FRANK CLARK and COLIN GREEN provide sweet guitar work on "Your Song" and "Sixty Years On", while guest vocalists MADELINE BELL, TONY HAZZARD, LESLIE DUNCAN and ROGER COOK feature especially well on the brilliant "No Strings For Louise" and "The Cage". DIANA LEWIS plays Moog on the sparse "First Episode At Hienton". CALEB QUAYE of HOOKFOOT provides Lead Guitar on "Take Me To The Pilot" while TONY COX of PENTANGLE drums on "The Greatest Discovery" and the epic album closer "The King Must Die".

DISC 2 gives us 12 excellent PREVIOUSLY UNRELEASED Piano Demos in a row (1-12) along with two separate BBC sessions - the "Dave Lee Travis Show" from April 1970 and the "Sounds Of The Seventies Show" from July 1970 (tracks 18, 19 and 20). They vary in sound quality, but are more than pleasantly good. It should be noted that Track 1, the demo version of "Your Song" did turn up on the "To Be Continued" box set years back, but that was only briefly available. "Bad Side Of The Moon" is the non-album B-side of the 7" single "Border Song" issued March 1970 in the UK on DJM Records DJS 217, while "Rock & Roll Madonna" and "Grey Seal" are the A&B sides of the non-album 7" single DJS 222 issued in the UK in June 1970. "Grey Seal" was re-recorded and turned up on "Goodbye Yellow Brick Road" - the version on this disc is often referred to as "Version 1970". These 3 were originally bonus tracks on the 1995 reissue CD of the album; here they've upgraded sound quality.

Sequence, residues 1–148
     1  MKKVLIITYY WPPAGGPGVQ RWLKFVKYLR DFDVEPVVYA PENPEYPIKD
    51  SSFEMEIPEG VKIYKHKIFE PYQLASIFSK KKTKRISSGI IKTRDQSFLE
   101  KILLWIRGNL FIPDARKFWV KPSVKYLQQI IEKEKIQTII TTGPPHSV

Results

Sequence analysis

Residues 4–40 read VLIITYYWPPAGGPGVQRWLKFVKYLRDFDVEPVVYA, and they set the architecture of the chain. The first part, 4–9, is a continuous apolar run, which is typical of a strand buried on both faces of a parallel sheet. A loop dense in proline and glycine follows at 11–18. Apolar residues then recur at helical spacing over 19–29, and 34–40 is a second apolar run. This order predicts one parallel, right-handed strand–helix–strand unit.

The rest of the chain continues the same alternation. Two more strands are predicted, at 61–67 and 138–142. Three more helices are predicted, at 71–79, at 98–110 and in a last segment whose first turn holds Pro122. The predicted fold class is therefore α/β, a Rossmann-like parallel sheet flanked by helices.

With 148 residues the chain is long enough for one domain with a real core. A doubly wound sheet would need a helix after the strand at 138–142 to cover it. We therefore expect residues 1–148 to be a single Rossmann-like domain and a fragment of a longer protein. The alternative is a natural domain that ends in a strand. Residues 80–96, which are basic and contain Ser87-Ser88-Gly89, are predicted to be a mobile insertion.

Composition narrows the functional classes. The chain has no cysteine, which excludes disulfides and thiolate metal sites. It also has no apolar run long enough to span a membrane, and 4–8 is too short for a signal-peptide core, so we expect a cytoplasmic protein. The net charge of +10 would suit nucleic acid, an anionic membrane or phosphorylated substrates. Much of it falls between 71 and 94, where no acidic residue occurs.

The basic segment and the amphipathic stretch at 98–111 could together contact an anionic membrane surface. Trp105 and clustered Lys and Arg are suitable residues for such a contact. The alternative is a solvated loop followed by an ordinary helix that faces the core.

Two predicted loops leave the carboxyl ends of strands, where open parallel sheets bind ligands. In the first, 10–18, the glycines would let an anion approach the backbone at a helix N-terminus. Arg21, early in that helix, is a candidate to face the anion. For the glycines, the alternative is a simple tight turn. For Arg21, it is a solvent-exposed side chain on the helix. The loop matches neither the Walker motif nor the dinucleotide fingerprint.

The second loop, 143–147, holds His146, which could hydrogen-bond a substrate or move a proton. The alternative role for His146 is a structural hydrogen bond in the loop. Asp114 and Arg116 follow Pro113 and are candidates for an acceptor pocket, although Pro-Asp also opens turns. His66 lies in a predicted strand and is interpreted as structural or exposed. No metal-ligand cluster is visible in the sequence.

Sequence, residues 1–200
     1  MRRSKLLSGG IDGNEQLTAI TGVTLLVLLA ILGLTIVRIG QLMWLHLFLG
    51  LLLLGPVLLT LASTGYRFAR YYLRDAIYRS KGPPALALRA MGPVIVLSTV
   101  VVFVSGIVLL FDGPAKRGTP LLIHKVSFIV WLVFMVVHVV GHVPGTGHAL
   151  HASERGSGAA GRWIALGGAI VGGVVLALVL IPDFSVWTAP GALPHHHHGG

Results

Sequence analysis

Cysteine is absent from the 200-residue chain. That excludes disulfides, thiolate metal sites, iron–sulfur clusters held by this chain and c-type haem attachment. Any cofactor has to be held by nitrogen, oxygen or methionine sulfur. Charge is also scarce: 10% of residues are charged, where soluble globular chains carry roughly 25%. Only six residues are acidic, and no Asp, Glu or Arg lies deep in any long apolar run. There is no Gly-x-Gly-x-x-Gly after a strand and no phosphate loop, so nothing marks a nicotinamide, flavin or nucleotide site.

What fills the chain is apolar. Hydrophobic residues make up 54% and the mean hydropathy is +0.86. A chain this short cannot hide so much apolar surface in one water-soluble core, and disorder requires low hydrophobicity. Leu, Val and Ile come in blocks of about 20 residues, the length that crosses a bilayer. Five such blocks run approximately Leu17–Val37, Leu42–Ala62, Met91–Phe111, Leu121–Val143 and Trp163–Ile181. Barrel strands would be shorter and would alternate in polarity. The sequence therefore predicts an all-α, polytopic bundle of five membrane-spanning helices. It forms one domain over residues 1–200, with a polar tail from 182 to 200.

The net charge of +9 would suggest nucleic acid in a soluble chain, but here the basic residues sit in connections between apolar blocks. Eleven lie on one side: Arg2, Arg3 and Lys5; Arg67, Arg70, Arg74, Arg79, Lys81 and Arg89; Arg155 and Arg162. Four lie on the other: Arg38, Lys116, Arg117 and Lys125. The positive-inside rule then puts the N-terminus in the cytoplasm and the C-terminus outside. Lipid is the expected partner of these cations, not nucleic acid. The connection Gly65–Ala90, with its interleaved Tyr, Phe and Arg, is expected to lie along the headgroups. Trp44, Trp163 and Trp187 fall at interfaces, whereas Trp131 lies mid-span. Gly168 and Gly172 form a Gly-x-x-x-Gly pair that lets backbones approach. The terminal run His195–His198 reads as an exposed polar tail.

Then comes a genuine sensation; recorded for the Radio 1 DJ Dave Lee Travis for his "Sound Of The Seventies" Sessions in July 1970 is an almost note-perfect rendition of "YOUR SONG" which frankly rivals the issued version. Luckily the sound is BEAUTIFUL, his performance heartfelt and not wearied by 38 years of playing the same song. It's FANTASTIC STUFF and a reminder of what initially drew so many music lovers to Elton in the first place - his great song-writing and vocal delivery. Whatever way you cut it, this version is an absolute gem and will thrill fans to the core!

To sum up: I've loved coming back to this album - the great sound quality - actual tunes with thought-provoking lyrics - the attention to detail in the well-thought out packaging - the bonuses you'll play more than once - all of it. For fans of this unduly forgotten album - an absolute must buy - and roll on the same deluxe treatment for "Madman Across The Water" and "Honky Chateau"...